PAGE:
The court applied the pre-eBay presumption that false advertising injuries are presumed to be irreparable, “even if the plaintiff fails to demonstrate a business loss.”

AB argued that its packaging was noncomparative and nonactionable.  Neither of these things are necessarily true (citing a case about highly concentrated markets). “Viewed in context of the full advertising campaign, a reasonable jury could find that the implicit message of the packaging is that other beers contain corn syrup. Moreover, in light of the limited number of beers in the light beer market, with Bud Light, Miller Lite and Coors Light accounting for almost 100% of sales, that same jury could also find a substantial segment of consumers would infer that Bud Light’s principal competitors contain corn syrup, especially after a hundred million dollar television and print campaign misleadingly suggesting the same thing.”  It was reasonable to consider the overall campaign because of the unity of message.

As for defendant’s survey, the court thought that a reasonable jury might accept some of MillerCoors’ criticisms, though it was skeptical of the argument that the survey also should’ve shown them the bottom of the package “at least absent some evidence that a substantial segment of beer purchasers examine the bottom of packaging in deciding which beer to purchase (or at least that retailers regularly stack product to display the bottom of packaging).” But the more intuitive objection, that the survey should’ve been conducted in a retail setting next to Miller Lite and Coors Light packaging, might well convince a jury, and “the limited time (ten seconds per image) respondents had to examine an image of the packaging cuts against the weight of the survey findings.” There were also issues with how the open-ended questions were coded. There was at least “some likelihood of success in proving to a reasonable jury that the Bud Light packaging’s continued use of the now-well-known tag lines ‘no corn syrup’ and ‘find out what is in your beer’ when on display next to Miller Lite and Coors Lite packaging is likely to be misleading, at least viewed in the context of defendant’s full advertising campaign.”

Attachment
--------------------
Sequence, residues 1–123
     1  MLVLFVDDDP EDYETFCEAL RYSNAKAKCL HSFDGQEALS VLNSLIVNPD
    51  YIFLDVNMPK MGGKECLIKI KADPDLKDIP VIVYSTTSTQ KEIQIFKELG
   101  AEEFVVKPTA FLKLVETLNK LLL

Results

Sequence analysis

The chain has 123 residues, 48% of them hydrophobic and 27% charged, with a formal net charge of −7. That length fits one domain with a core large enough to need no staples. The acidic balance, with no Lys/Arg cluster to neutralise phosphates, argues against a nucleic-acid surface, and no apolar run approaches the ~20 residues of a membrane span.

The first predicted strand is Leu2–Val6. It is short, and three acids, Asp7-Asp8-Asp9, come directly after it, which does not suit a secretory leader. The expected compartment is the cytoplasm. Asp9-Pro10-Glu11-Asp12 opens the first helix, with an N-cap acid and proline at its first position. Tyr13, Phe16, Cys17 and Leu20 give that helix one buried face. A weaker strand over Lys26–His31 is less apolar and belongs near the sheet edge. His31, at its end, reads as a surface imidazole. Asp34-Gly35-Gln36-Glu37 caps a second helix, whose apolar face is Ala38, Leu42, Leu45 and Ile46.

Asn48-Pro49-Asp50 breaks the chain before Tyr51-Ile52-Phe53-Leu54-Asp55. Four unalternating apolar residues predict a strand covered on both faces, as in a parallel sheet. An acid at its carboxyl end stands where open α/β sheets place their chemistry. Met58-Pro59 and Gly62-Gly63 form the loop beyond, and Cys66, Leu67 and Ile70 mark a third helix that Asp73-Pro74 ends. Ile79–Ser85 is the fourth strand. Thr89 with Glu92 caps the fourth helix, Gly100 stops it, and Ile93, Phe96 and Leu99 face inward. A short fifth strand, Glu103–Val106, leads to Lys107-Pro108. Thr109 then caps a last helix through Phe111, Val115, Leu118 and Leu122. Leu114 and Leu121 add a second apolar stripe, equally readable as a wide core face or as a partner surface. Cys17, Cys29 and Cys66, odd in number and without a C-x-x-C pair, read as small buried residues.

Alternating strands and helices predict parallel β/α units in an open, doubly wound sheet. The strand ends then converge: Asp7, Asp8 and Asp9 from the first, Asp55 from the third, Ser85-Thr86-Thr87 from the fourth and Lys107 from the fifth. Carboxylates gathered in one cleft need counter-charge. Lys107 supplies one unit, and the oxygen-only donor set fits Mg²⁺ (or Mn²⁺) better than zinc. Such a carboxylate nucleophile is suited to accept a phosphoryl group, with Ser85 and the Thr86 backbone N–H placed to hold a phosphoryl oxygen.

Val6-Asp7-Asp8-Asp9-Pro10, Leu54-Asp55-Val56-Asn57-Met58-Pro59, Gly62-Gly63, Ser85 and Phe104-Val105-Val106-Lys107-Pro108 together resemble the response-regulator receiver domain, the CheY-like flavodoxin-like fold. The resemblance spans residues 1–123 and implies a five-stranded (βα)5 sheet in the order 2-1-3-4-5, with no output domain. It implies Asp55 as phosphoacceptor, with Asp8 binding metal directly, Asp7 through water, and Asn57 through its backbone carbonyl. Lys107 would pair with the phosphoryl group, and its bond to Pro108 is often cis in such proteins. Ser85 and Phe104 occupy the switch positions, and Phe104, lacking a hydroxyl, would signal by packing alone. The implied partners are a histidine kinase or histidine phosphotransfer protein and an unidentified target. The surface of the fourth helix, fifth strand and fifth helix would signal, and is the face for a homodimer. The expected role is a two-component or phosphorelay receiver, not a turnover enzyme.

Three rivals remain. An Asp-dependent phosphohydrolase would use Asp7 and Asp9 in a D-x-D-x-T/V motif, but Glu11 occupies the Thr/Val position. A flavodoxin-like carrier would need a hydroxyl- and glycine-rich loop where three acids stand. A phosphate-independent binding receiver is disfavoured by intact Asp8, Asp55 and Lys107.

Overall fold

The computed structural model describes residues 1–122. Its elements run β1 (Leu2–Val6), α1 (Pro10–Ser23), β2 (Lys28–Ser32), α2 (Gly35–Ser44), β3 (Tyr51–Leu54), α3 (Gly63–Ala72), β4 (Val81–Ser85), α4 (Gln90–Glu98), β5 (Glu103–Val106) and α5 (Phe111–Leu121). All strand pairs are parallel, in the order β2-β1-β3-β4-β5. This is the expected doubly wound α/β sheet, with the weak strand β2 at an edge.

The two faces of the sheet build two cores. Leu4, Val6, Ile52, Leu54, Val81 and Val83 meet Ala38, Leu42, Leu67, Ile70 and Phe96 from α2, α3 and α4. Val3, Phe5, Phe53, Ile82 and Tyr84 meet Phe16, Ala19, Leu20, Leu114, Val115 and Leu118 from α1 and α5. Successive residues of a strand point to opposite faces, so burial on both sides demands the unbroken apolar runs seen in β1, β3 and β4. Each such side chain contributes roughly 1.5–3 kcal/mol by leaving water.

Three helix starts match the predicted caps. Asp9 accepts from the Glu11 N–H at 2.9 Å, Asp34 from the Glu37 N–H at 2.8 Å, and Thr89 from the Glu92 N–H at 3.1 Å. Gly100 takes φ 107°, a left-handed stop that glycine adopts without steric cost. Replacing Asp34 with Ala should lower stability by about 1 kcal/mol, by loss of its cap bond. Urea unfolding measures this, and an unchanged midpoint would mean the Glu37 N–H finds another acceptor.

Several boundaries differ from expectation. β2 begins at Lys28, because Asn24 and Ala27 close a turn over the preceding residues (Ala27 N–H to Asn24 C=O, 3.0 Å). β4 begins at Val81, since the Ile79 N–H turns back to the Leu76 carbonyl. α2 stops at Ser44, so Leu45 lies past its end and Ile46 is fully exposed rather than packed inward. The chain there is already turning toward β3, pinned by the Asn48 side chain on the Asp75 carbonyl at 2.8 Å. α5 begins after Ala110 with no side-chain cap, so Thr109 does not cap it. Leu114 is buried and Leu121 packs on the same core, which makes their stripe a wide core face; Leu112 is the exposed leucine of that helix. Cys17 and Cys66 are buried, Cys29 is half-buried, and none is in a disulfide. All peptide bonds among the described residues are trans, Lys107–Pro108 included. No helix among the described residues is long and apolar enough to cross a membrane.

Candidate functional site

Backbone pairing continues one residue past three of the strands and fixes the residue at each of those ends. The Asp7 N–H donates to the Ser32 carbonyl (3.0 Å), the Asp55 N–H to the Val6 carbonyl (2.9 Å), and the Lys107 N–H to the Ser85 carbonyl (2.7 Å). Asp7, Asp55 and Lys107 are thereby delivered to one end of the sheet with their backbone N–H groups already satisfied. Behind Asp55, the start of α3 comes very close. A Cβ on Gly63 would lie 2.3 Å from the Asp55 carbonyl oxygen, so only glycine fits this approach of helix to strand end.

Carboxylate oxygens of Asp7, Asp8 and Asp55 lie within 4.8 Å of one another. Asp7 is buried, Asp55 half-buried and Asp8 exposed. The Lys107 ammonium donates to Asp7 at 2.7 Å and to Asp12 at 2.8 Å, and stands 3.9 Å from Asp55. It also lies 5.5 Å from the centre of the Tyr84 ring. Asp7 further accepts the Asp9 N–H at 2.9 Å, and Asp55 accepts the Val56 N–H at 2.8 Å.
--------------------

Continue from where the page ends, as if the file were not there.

Although previously the court didn’t want to rely on intent, it pointed out that AB spent “tens of millions of dollars on special packaging closely attuned to its larger advertising effort,” which implicitly made AB’s argument that packaging wasn’t material to consumer decisions somewhat less credible.  Moreover, AB’s argument that consumers wouldn’t tolerate stickering on packages contradicted its immateriality argument. And AB’s evidence about lack of reliance on “label / packaging design” focused on the relevance of cosmetic issues such as choice of font, color or layout of the packaging, not on “substantive concerns about nutritional value.” MillerCoors’ contrary evidence was sufficient for a reasonable factfinder to find materiality (and implicitly, it was likely to prevail on this issue).

The court balanced the equities by giving AB the opportunity to use up all its existing packaging as of June 6, 2019, or to use the packaging until March 2, 2020 (270 days from June 6, 2019), whichever occurs first. The court was open to modifying the injunction if MillerCoors could either show that a sticker was feasible or that it was practical to get replacement packaging without interrupting AB’s ability to offer Bud Light for sale.